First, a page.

Note: When a visit started at end of month to end at beginning of next month, you might have an Entry page for the month report and no Exit pages.
That's why Entry pages can be different than Exit pages.

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Session Duration:
The time a visitor spent on your site for each visit.
Some Visits durations are 'unknown' because they can't always be calculated. This is the major reason for this:
- Visit was not finished when 'update' occured.
- Visit started the last hour (after 23:00) of the last day of a month (A technical reason prevents AWStats from calculating duration of such sessions).

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Grabber:
A browser that is used primarily for copying locally an entire site. These include for example "teleport", "webcapture", "webcopier"...

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Direct access / Bookmark:
This number represent the number of hits or ratio of hits when a visit to your site comes from a direct access. This means the first page of your web site was called:
- By typing your URL on the web browser address bar
- By clicking on your URL stored by a visitor inside its favorites
- By clicking on your URL found everywhere but not another internet web pages (a link in a document, an application, etc...)
- Clicking an URL of your site inside a mail is often counted here.

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Add To Favourites:
This value, available in the "miscellanous chart", reports an estimated indicator that can be used to have an idea of the number of times a visitor has added your web site into its favourite bookmarks.
The technical rules for that is the following formula:
Number of Add to Favourites = round((x+y) / r)
where
x = Number of hits made by IE browsers for "/anydir/favicon.ico", with a referer field not defined, and with no 404 error code
y = Number of hits made by IE browsers for "/favicon.ico", with a referer field not defined, with or without 404 error code
r = Ratio of hits made by IE browsers compared to hits made by all browsers (r <= 1)

As you can see in formula, only IE is used to count reliable "add", the "Add to favourites" for other browsers are estimated using ratio of other browsers usage compared to ratio of IE usage. The reason is that only IE do a hit on favicon.ico nearly ONLY when a user add the page to its favourites. The other browsers make often hits on this file also for other reasons so we can't count one "hit" as one "add" since it might be a hit for another reason.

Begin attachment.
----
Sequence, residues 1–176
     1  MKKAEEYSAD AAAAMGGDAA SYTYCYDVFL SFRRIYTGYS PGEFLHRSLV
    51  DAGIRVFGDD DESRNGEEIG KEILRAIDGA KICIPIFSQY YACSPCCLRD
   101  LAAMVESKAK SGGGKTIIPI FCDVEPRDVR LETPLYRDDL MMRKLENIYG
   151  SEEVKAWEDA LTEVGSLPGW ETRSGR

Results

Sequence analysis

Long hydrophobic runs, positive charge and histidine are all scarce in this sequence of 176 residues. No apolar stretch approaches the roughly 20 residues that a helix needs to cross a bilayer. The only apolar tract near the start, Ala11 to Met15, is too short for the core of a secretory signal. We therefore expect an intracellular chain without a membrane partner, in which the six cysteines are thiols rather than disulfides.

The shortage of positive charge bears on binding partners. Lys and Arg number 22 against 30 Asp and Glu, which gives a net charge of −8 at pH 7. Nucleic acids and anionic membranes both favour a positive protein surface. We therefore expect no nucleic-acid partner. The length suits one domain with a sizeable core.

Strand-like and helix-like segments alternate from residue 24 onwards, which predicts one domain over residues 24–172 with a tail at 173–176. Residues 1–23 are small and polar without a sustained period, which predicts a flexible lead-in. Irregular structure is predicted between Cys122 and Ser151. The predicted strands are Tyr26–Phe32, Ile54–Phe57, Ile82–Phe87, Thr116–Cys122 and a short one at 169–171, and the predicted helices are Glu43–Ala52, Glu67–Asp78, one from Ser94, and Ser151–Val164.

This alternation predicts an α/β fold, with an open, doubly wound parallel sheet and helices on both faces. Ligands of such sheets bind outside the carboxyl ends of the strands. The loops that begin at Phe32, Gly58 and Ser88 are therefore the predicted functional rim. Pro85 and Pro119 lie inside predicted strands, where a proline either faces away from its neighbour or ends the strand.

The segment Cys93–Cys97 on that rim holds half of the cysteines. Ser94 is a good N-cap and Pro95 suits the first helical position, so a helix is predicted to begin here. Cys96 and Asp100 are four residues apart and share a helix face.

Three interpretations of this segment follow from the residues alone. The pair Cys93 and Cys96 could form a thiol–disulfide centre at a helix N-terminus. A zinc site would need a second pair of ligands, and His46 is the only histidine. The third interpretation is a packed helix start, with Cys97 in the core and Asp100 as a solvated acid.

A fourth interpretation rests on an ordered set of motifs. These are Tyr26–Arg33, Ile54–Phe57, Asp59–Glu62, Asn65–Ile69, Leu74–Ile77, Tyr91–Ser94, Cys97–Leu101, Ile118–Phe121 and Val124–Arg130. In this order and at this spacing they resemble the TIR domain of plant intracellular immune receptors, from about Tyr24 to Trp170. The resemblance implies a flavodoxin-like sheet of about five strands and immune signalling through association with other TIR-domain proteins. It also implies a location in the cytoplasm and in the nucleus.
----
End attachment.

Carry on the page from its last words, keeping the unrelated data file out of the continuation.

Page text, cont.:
AWStats differentiate also hits with error and not to avoid counting multiple hits made recursively in upper path when favicon.ico file is not found in deeper directory of path.
Note that this number is just an indicator that is in most case higher than true value. The reason is that even IE browser sometimes make hit on favicon without an "Add to favourites" action by a user.
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HTTP Status Codes:
HTTP status codes are returned by web servers to indicate the status of a request. Codes 200 and 304 are used to tell the browser the page can be viewed. All other codes generates hits and traffic 'not seen' by the visitor. For example a return code 301 or 302 will tell the browser to ask another page. The browser will do another hit and should finaly receive the page with a return code 200 and 304. All codes that are 'unseen' traffic are isolated by AWStats in the HTTP Status report chart, enabled by the directives ShowHTTPErrorsStats. in config file. You can also change value for 'not error' hits (set by default to 200 and 304 with the ValidHTTPcodes directive. The following table outlines all status codes defined for the HTTP/1.1 draft specification outlined in IETF rfc 2068.
They are 3-digit codes where the first digit of this code identifies the class of the status code and the remaining 2 digits correspond to the specific condition within the response class. They are classified in 5 categories:

1xx - informational
2xx - successful
3xx - redirection
4xx - client error
5xx - server error